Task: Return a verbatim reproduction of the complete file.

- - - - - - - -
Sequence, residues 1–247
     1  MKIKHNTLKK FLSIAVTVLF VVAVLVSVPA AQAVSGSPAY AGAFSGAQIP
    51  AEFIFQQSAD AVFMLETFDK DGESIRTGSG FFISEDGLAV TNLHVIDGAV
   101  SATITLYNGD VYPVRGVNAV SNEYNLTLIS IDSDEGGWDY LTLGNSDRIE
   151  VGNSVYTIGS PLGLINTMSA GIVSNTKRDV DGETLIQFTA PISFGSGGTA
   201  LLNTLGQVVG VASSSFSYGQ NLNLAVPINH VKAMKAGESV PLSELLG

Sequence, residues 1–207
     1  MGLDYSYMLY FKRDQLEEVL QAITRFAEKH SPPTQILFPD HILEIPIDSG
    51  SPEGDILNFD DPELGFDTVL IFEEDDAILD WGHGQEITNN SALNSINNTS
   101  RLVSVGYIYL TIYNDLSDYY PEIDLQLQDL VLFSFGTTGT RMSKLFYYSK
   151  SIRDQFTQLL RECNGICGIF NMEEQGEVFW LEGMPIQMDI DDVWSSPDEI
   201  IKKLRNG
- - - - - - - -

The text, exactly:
Sequence, residues 1–247
     1  MKIKHNTLKK FLSIAVTVLF VVAVLVSVPA AQAVSGSPAY AGAFSGAQIP
    51  AEFIFQQSAD AVFMLETFDK DGESIRTGSG FFISEDGLAV TNLHVIDGAV
   101  SATITLYNGD VYPVRGVNAV SNEYNLTLIS IDSDEGGWDY LTLGNSDRIE
   151  VGNSVYTIGS PLGLINTMSA GIVSNTKRDV DGETLIQFTA PISFGSGGTA
   201  LLNTLGQVVG VASSSFSYGQ NLNLAVPINH VKAMKAGESV PLSELLG

Sequence, residues 1–207
     1  MGLDYSYMLY FKRDQLEEVL QAITRFAEKH SPPTQILFPD HILEIPIDSG
    51  SPEGDILNFD DPELGFDTVL IFEEDDAILD WGHGQEITNN SALNSINNTS
   101  RLVSVGYIYL TIYNDLSDYY PEIDLQLQDL VLFSFGTTGT RMSKLFYYSK
   151  SIRDQFTQLL RECNGICGIF NMEEQGEVFW LEGMPIQMDI DDVWSSPDEI
   201  IKKLRNG